- Safeguards in Biofuels Policy Endangered by Climate Bill Hostage Situtation
Safeguards in Biofuels Policy Endangered by Climate Bill Hostage Situtation
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The last week’s deliberations on climate legislation in the House Energy and Commerce Committee did not leave environmental safeguards from biofuels unscathed.
First, the manager’s amendment introduced by Representative Waxman contained severely compromised language on forest protections for the Renewable Fuels Standard’s biofuels mandate. Now, materials for biofuel and biomass energy standards can be sourced from federal forest land, essentially allowing our federal forests to be desecrated in order to drive our cars and turn on our televisions.
While several amendments to further weaken forest protections were introduced, they fortunately failed to get enough votes in committee voting. However, when the bill reaches the House floor, there could be further problems. Continued weakening of the forest safeguards undermines the integrity of the bill as a whole: already, deforestation contributes 20 percent of global warming pollution around the world. Not to mention, it cannot be more contradictory to incentivize the destruction of forests in one part of the bill, yet have incentives to prevent deforestation in another part of the bill.
The biggest looming threat, however, is increasingly noisy calls to hold the climate bill hostage if the global warming protections in the Renewable Fuels Standard are not significantly weakened. Many agriculture state representatives are advocating for the removal of “indirect land-use change” in the life-cycle accounting of greenhouse gas emissions from biofuels.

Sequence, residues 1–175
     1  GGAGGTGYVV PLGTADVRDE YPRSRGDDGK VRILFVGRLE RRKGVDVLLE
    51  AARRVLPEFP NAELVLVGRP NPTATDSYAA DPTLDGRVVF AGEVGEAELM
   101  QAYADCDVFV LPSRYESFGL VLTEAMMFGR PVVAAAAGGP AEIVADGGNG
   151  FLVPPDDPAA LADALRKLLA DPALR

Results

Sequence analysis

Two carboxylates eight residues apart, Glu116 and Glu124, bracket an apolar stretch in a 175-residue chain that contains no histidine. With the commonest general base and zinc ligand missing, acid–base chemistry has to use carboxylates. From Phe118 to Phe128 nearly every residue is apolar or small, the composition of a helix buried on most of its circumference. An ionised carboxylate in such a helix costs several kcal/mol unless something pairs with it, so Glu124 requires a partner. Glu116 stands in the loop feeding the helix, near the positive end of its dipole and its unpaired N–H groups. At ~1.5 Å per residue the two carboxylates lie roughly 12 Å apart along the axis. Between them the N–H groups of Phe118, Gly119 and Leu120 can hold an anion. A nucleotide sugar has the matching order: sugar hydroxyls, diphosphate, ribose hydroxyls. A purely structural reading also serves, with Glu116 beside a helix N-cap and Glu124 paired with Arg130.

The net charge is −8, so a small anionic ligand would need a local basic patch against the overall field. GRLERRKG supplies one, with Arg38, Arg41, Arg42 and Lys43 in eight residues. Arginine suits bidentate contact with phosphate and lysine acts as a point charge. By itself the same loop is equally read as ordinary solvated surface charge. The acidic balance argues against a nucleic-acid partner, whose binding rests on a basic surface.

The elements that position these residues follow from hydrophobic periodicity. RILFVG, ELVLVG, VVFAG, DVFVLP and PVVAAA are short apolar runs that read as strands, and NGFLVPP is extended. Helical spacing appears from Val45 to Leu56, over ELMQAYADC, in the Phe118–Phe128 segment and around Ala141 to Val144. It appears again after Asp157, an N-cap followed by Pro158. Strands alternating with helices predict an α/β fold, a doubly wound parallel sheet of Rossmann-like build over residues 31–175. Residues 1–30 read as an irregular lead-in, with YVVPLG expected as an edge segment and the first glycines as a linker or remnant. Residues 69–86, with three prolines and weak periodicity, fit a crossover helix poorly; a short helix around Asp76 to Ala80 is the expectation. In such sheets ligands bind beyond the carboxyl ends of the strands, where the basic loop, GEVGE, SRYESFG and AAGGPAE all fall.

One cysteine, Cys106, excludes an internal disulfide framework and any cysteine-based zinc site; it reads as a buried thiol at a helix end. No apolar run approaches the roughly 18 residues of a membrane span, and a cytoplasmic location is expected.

This is a critical climate provision on biofuels policy, approved by the House and Senate two years ago in the 2007 Energy Independence and Security Act. Since then, the science has become more and more clear showing that agriculturally produced biofuels can cause a significant amount of global warming pollution, in many causes much more so than the global warming pollution from gasoline. The reason for this recent uprising against the inclusion of this pollution is because of EPA’s recently released draft rules on the Renewable Fuels Standard, which shows the immense size of these emissions.
Democratic champions in the Energy and Commerce Committee stood strong and voted against an amendment introduced by republican representative Lee Terry of Nebraska, which would have striped the inclusion of indirect land-use change from the biofuels greenhouse gas accounting (see our press release on this here).
However, democratic representative Colin Peterson, chair of the powerful Agricultural Committee, is working to stop the climate bill on the house floor if these climate protections in biofuels policy are not weakened (see our press release on this here). Over the next several weeks, Peterson will continue to galvanize support from his agricultural committee allies in order to hold the climate bill hostage if he doesn’t get his way. Friends of the Earth is working to stop Peterson and his cohort from undermining climate safeguards in biofuels policy through the climate bill.